Linear algebra is an important topic across a variety of subjects. It allows you to solve problems related to vectors, matrices, and linear equations. In Python, most of the routines related to this subject are implemented in scipy.linalg
, which offers very fast linear algebra capabilities.
In particular, linear models play an important role in a variety of realworld problems, and scipy.linalg
provides tools to compute them in an efficient way.
In this tutorial, you’ll learn how to:
 Study linear systems using determinants and solve problems using matrix inverses
 Interpolate polynomials to fit a set of points using linear systems
 Use Python to solve linear regression problems
 Use linear regression to predict prices based on historical data
This is the second part of a series of tutorials on linear algebra using scipy.linalg
. So, before continuing, make sure to take a look at the first tutorial of the series before reading this one.
Free Source Code: Click here to download the free code and dataset that you’ll use to work with linear systems and algebra in Python with scipy.linalg
.
Now you’re ready to get started!
Getting Started With Linear Algebra in Python
Linear algebra is a branch of mathematics that deals with linear equations and their representations using vectors and matrices. It’s a fundamental subject in several areas of engineering, and it’s a prerequisite to a deeper understanding of machine learning.
To work with linear algebra in Python, you can count on SciPy, which is an opensource Python library used for scientific computing, including several modules for common tasks in science and engineering.
Of course, SciPy includes modules for linear algebra, but that’s not all. It also offers optimization, integration, interpolation, and signal processing capabilities. It’s part of the SciPy stack, which includes several other packages for scientific computing, such as NumPy, Matplotlib, SymPy, IPython, and pandas.
scipy.linalg
includes several tools for working with linear algebra problems, including functions for performing matrix calculations, such as determinants, inverses, eigenvalues, eigenvectors, and the singular value decomposition.
In the previous tutorial of this series, you learned how to work with matrices and vectors in Python to model practical problems using linear systems. You solved these problems using scipy.linalg
.
In this tutorial, you’re going a step further, using scipy.linalg
to study linear systems and build linear models for realworld problems.
In order to use scipy.linalg
, you have to install and set up the SciPy library. Besides that, you’re going to use Jupyter Notebook to run the code in an interactive environment. SciPy and Jupyter Notebook are thirdparty packages that you need to install. For installation, you can use the conda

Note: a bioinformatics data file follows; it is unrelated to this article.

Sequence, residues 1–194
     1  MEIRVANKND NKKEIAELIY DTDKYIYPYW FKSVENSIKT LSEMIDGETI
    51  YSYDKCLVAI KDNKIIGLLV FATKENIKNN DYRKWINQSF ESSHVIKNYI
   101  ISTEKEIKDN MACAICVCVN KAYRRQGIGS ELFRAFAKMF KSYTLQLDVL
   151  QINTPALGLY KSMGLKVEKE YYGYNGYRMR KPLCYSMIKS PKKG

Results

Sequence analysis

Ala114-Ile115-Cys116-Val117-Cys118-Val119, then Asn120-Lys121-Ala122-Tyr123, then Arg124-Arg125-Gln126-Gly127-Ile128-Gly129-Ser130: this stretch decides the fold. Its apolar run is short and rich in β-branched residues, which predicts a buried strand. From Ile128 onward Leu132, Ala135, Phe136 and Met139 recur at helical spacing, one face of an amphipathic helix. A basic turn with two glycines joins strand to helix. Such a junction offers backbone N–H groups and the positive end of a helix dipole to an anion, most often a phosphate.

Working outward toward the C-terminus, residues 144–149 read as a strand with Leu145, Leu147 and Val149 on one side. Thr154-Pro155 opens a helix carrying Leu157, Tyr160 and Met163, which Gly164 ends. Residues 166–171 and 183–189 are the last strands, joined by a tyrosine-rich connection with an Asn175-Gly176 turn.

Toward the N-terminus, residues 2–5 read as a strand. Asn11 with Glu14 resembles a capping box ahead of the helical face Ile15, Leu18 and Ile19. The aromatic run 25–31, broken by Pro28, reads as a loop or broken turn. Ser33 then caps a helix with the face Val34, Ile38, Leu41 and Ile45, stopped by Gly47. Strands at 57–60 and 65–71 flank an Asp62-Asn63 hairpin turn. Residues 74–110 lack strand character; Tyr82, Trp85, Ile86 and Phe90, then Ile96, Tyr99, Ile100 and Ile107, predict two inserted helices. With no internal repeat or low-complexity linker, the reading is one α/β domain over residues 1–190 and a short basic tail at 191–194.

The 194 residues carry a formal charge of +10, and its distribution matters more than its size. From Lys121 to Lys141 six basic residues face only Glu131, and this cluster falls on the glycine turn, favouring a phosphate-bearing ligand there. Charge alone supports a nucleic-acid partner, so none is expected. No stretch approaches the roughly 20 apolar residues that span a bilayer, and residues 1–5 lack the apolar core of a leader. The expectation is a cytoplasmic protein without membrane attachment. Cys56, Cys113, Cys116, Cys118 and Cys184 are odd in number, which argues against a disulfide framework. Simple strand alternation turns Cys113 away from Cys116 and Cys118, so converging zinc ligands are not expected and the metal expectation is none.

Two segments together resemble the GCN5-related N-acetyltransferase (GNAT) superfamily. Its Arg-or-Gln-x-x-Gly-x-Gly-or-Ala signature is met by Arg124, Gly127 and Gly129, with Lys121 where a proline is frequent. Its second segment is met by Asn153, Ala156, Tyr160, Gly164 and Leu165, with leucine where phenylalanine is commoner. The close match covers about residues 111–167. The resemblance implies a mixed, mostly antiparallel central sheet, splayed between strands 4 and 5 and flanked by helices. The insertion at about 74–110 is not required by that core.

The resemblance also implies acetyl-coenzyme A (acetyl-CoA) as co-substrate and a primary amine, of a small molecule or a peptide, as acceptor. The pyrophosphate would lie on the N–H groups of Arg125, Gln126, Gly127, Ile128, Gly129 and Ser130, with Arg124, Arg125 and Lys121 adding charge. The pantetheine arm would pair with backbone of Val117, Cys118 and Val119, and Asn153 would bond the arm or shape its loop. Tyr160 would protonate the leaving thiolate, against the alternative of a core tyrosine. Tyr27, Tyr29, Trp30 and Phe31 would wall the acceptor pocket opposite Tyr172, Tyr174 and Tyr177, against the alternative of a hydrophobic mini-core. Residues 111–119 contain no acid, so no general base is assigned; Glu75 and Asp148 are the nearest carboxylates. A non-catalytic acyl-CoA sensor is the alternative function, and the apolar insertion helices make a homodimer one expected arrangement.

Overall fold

or pip
package manager. Revisit Working With Linear Systems in Python With scipy.linalg
for installation details.
Note: Using Jupyter Notebook to run the code isn’t mandatory, but it facilitates working with numerical and scientific applications.
For a refresher on working with Jupyter Notebooks, take a look at Jupyter Notebook: An Introduction.
Next, you’ll go through some fundamental concepts of linear algebra and explore how to use Python to work with these concepts.
Understanding Vectors, Matrices, and the Role of Linear Algebra
A vector is a mathematical entity used to represent physical quantities that have both magnitude and direction. It’s a fundamental tool for solving engineering and machine learning problems. So are matrices, which are used to represent vector transformations, among other applications.
Note: In Python, NumPy is the most used library for working with matrices and vectors. It uses a special type called ndarray
to represent them. As an example, imagine that you need to create the following matrix:
With NumPy, you can use np.array()
to create it, providing a nested list containing the elements of each row of the matrix:
In [1]: import numpy as np
In [2]: np.array([[1, 2], [3, 4], [5, 6]])
Out[2]:
array([[1, 2],
[3, 4],
[5, 6]])
NumPy provides several functions to facilitate working with vector and matrix computations. You can find more information on how to use NumPy to represent vectors and matrices and perform operations with them in the previous tutorial in this series.
A linear system or, more precisely, a system of linear equations, is a set of equations linearly relating to a set of variables. Here’s an example of a linear system relating to the variables x₁ and x₂:
Here you have two equations involving two variables. In order to have a linear system, the values that multiply the variables x₁ and x₂ must be constants, like the ones in this example. It’s common to write linear systems using matrices and vectors. For example, you can write the previous system as the following matrix product:
Comparing the matrix product form with the original system, you can notice the elements of matrix A correspond to the coefficients that multiply x₁ and x₂. Besides that, the values in the righthand side of the original equations now make up vector b.
Linear algebra is a mathematical discipline that deals with vectors, matrices, and vector spaces and linear transformations more generally. By using linear algebra concepts, it’s possible to build algorithms to perform computations for several applications, including solving linear systems.
When there are just two or three equations and variables, it’s feasible to perform the calculations manually, combine the equations, and find the values for the variables.
However, in realworld applications, the number of equations can be very large, making it infeasible to do calculations manually. That’s precisely when linear algebra concepts and algorithms come handy, allowing you to develop usable applications for engineering and machine learning, for example.